Yellow-and-gray floral linen gets a fresh update with bright royal-blue accents. Wool embroidery yarn has a substantial feel that gives the stitching a nice weight and depth. We used running stitches and French knots (see how-tos). When you embroider with wool yarn, the technique is known as crewelwork.
Lemongrass floral print, moodfabrics.com.
The addition of rich colors turns this otherwise subtle print into a bold, attention-getting pattern that can anchor a room. The pillow’s large-scale botanicals are outlined with silk-and-wool thread—which has a soft sheen—in two shades each of blue-gray and red. The chain stitch is excellent for stems, while the satin stitch can fill in larger areas, like the petal outlines.
Gray accents tone down the intensity of a pink-and-more-pink print, making it versatile and decidedly sophisticated. We used hand-dyed wool thread in dark and light grays, each with subtle variations in shading.
HL Ceylan linen, bandjfabrics.com.
Stamps of Approval
Instead of starting with a patterned fabric, print your own with a bloom or two for a more understated effect: Use a rubber stamp to transfer a flower onto a hand towel (or other textile). Choose your fabric ink carefully, because the color will be part of the finished design. Embroider over part of the pattern—we used the stem stitch and French knots—and let the ink show through in other areas.
Sachets filled with dried lavender require little in the way of fabric or time, making them the perfect way to play with the stitching techniques before moving onto a bigger project. Chain-stitched chartreuse wool thread pops on a white-and-gray print, top left; two sachets, top right and center, have rubberstamped designs highlighted with blue embroidery floss. Graphic prints invite embellishment as much as florals: Blocks of red satin stitching float between blue stripes, bottom.
Feather Your Nest
Almost like a child’s coloring book, a black-and-white print comes to life with the addition of a few hues. The bird is worked in stem stitch and the leaves in satin stitch; both were done with hand-dyed wool thread.
HL-Pastorale black-and-white linen, bandjfabrics.com.
Several kinds of embroidery thread are available, and it’s important to choose one with a weight that suits the weight of your fabric. A thick thread could pucker a thin fabric, for example. For most of the projects here, we used upholstery fabric, which is substantial in weight. We wanted our design to be raised, so we employed thicker threads. The silk-and-wool thread we used has a nice luster and multiple strands that can be divided to create lighter weights; the red, gray, and dark blue shown here are examples. Hand-dyed wool yarn has pleasing variations in color (as in the pink and pale blues shown here). The most familiar embroidery floss is cotton floss, which consists of six thin strands that can be divided. Using two or three strands is standard for average woven fabrics, such as the dish towels on page 97. The resulting designs are delicate.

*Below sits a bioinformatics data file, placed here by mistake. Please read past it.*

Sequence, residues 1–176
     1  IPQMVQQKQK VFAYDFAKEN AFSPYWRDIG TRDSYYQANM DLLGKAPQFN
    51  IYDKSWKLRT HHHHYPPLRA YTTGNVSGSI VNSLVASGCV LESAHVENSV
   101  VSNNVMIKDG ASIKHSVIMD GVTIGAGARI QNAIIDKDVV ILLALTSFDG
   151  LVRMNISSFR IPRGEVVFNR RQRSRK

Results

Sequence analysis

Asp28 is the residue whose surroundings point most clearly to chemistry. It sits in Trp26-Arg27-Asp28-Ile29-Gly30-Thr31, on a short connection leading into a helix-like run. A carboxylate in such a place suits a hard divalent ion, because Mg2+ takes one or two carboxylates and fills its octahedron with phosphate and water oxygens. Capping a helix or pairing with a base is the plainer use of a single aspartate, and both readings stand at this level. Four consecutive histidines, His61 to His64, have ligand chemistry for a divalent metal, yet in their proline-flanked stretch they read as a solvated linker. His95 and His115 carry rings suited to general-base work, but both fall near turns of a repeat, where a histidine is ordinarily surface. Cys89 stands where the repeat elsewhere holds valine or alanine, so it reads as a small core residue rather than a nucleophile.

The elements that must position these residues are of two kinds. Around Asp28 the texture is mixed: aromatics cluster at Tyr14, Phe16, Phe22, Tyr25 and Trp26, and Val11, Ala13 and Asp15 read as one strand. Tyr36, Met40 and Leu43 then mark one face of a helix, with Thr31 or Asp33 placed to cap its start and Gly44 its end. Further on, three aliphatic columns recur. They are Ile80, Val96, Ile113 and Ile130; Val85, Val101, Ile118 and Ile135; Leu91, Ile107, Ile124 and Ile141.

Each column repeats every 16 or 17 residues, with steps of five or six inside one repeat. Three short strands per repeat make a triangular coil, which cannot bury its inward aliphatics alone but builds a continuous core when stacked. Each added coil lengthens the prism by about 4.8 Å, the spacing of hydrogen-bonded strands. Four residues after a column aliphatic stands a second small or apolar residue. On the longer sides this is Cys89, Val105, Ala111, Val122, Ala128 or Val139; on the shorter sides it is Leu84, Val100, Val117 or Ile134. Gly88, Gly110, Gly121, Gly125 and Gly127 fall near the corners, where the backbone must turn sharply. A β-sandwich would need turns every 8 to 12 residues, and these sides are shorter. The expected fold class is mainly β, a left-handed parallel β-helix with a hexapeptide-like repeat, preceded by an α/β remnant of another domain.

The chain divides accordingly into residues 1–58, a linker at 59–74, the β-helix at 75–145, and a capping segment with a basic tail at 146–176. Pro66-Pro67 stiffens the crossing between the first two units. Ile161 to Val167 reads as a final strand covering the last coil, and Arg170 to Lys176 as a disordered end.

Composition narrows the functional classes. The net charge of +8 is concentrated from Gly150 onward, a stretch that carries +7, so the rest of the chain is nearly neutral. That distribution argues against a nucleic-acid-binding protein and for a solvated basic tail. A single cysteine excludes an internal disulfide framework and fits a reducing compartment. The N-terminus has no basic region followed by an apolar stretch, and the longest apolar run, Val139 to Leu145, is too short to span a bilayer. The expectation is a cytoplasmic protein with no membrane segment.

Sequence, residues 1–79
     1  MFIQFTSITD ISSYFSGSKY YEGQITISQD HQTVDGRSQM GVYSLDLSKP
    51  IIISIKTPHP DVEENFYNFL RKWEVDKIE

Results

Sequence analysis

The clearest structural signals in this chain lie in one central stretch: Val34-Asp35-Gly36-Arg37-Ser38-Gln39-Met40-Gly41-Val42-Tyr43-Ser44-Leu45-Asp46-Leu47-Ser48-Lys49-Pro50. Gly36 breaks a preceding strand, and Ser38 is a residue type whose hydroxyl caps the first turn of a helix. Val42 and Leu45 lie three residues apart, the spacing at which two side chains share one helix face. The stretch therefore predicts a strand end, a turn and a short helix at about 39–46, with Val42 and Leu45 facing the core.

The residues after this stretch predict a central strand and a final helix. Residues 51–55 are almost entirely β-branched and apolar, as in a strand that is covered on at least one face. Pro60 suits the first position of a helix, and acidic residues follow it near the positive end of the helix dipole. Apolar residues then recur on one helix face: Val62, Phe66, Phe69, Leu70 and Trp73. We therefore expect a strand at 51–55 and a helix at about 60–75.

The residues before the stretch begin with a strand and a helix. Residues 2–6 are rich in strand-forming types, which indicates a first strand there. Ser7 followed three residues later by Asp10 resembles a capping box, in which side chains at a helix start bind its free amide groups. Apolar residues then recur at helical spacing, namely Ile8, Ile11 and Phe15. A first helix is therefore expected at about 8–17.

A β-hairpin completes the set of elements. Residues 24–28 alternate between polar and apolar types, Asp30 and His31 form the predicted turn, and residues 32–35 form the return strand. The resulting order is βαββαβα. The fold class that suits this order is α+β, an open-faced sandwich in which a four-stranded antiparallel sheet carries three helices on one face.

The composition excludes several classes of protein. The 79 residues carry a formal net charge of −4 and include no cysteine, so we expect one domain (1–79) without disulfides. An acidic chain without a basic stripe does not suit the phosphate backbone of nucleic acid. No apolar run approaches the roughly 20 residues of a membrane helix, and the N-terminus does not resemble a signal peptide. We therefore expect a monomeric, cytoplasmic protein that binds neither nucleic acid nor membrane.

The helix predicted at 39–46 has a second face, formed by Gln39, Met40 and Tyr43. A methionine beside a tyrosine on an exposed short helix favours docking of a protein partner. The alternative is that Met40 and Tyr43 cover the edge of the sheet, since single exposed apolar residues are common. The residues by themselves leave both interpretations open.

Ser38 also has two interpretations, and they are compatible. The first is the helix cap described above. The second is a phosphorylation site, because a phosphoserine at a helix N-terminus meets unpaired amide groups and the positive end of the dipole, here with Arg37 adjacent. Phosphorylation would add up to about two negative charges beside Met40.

Trio silk-and-wool needlepoint thread, by Brown Paper Packages, $5.50 a skein, annieandco.com
Koigu premium merino needlepoint yarn, $3.75 a skein, purlsoho.com
DMC embroidery floss, 39 a skein, michaels.com
Here’s what you need to know to embellish fabric with textured designs. Our ideas are only a start—experiment with colors and stitches to create different effects. If you don’t like the result, you can always take it out and try again.
Hoop Dreams: Essential Supplies
1. Embroidery hoop
This holds the fabric taut to allow for even stitches. Very heavy or stiff fabric may not fit into a hoop but has enough “body” for you to work without one.
These may be called embroidery, crewel, or millinery needles. Match the needle to the thread and the fabric: For example, use a thicker needle with a larger eye with thicker thread on heavyweight fabric.
3. Embroidery scissors
These small, sharp scissors give you control when you’re snipping threads.
We used five classic embroidery stitches for the textiles on these pages.
Clockwise from top left:
The simplest of stitches, this can make “dotted line,” or you can modify it and make individual stitches side by side, as we did for the blue flowers on page 94. Insert needle from wrong side to right, then reinsert nearby, making stitches and spaces even in size.
This creates a ropelike effect that is—no surprise!— good for flower stems and other lines. Insert needle from wrong to right side, coming out at 1. Insert needle at 2 at a slight diagonal and pull through at 3 (halfway between 1 and 2). Repeat stitching, keeping thread on left side of needle and making sure stitches are same length.
Made at an angle or straight across, these side-by-side stitches can fill in outlines. Insert needle from wrong to right side, coming out at 1. Insert needle at 2, and pull it back through at 3, right next to 1. Keep stitches tight and flat to ensure a smooth finish.
These little raised dots can be used on their own or clustered to fill in an area. Insert needle from wrong to right side. Keeping thread taut with one hand, use other hand to wind over needle twice, 1. Reinsert tip of needle into fabric, as close as possible to where it emerged, 2. Before pulling needle through fabric, pull thread tight so knot is flush with fabric. Pull all the way through to finish knot, 3.
The chain stitch is good for stems and lines, but it’s thicker and more textured than the stem stitch. Insert needle from wrong to right side, coming out at 1. Making a loop, insert needle next to 1. Come out again at 2, holding thread under needle as you pull tight. Insert needle again next to 2 (inside new link) and continue.